Stinging Nettle Soup Recipe

stinging nettle soup

Want a quick, easy and nourishing soup for Spring?  Want to eat more greens?  Want to do both of these things while saving money on your grocery bill?  Have I got the soup for you.

This recipe was a last minute light supper for us over the weekend.  I was out picking more clivers for my detox infusion, and came across a massive patch of stinging nettles.  So I picked some, and instead of making nettle tea, I experimented with a soup.  Oh yum.  Even Zak loved this one.  If you want to try eating wild food, this recipe is a great starting point!

Why would I want to eat wild food?

Eating wild, foraged food is becoming more popular.  Actually it’s the ultimate vintage skill, it’s how our ancestors ate for generations – just eating what’s around you!  But even in our modern lives, I think there are benefits to eating wild foods:

  • Wild foods are organic
  • Wild foods are local
  • Wild foods taste good
  • And wild foods are free!
Eating wild food also puts you in touch with your local environment, seasonal changes, and gets you outdoors in nature.  Since you’re eating seasonally, nature usually gives you what you need at that point in time … and in the Spring that means lots of healthy young greens for a vitamin boost and spring cleanse!

What are the benefits of stinging nettles?

Stinging nettles (Urtica dioica) are in the top 10 list of useful wild plants for most herbalists.   According to Rosemary Gladstar, nettles are:

  • Full of vitamins, iron, calcium, potassium, silicon and magnesium
  • An all around tonic herb to strengthen and tone the body
  • Reproductive tonic for men and women, even alleviating PMS and menopausal symptoms
  • Strengthens kidneys and liver
  • Excellent for allergies and hay fever

I like nettles because they grow abundantly everywhere, and they’re really easy to identify.

How do I pick stinging nettles?

First, check out my guidelines for foraging.

Now, make sure you’ve identified the correct plant.  You can find more information on stinging nettles here.

You probably want to wear gloves for this, because as the name implies, stinging nettles sting!

Just pick the tops of the stinging nettles, this is the youngest, softest part of the nettle plant.  Just pull off the top at a leaf-intersection so you have a few leaves and the tops.  Get a few double handfuls of stinging nettle tops for this recipe.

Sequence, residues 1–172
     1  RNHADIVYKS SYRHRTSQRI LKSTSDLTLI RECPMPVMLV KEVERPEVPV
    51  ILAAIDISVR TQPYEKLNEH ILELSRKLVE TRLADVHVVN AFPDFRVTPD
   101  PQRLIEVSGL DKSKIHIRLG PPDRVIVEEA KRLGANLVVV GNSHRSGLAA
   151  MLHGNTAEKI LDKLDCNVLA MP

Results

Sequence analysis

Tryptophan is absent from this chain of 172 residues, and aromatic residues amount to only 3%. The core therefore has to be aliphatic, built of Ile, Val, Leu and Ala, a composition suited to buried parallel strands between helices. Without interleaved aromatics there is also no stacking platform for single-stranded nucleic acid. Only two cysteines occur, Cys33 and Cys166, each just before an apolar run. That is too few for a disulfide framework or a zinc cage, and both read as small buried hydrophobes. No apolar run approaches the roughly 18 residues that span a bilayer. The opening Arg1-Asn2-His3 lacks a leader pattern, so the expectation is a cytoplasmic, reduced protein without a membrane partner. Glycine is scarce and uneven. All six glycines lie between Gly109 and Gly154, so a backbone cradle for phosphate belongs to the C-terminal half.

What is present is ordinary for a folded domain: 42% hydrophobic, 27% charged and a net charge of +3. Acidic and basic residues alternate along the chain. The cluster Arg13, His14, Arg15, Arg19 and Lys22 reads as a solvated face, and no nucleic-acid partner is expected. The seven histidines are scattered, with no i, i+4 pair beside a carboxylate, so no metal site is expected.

Stinging Nettle Soup

Serves 4

2 big handfuls of stinging nettle tops, rinsed

1 large potato, peeled and cut into half-inch cubes

1 stock cube (or even better, use 1 L or 4 cups homemade chicken stock)

1 onion, sliced.

1 Tb butter (or olive oil)

1 tsp dried thyme or mixed herbs (or 1 TB chopped fresh herbs)

optional: cream or sour cream to serve

 

Method:

Personally, whenever I make soup, I always add a little less water/stock in the beginning – because you can always add more after blending the soup if it’s too thick.  It’s easy to thin down a thick soup – but a lot harder to thicken up a soup that’s too watery!

  • In a soup pan, sautee the sliced onion in the butter/oil until soft.
  • Add the potato and sautee for a few minutes
  • Crumble in the stock cube, thyme, and 4 cups (1 Liter) water or add the chicken stock.  Bring to a boil.
  • Cover and simmer for 10 minutes until the potatoes are soft when pierced with a fork.
  • While the water is still bubbling, throw in the nettle tops and stir into the simmering water.  Cover.  The heat will deactivate their sting.  Simmer for at least 5-10 minutes more.
  • Now we need to blend the soup to make it smooth.  The best way is to use an immersion (stick) blender.  Remove the soup from the heat, and blend until smooth.  Alternatively you can put the soup in a regular blender, but be careful and never fill the blender more than half-full, the soup is REALLY hot and you don’t want to to splatter!
  • Serve with crusty bread and a swirl of yogurt, cream or sour cream if you like!  Enjoy!
Picked too many nettles?  Try making nettle tea, or nettle pesto!

Have you ever eaten wild food?  Will you try this stinging nettle recipe? Let us know in the comments!

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Amanda

Amanda Cook is a Certified Holistic Health Coach specializing in natural beauty and herbal remedies, and the creator of VintageAmanda.com. She works with women worldwide through online and in-person workshops, and individual coaching. She also teaches health + wellness entrepreneurs to grow a healthy business online.

4 Responses to Stinging Nettle Soup Recipe

  1. […] If you’re adventurous, add some wild greens to your diet.  Wild plans have to be strong to survive their growing conditions, and they’re grown in soil very different from traditional agricultural land, which give a nice diversity in our diets (I don’t have scientific proof here, but to me it feels right to include more variety in my diet.)  You might try dandelion leaves in your salad, or making my very favorite spring treat… stinging nettle soup! […]

  2. Kim says:

    Easy to make, free & oh so yummy!

  3. [...] dinner, we made ramp risotto, nettle soup, and chicken. So [...]

  4. [...] sloes, and elderflowers and nettles, rosehips seem to be a Big Thing here in [...]

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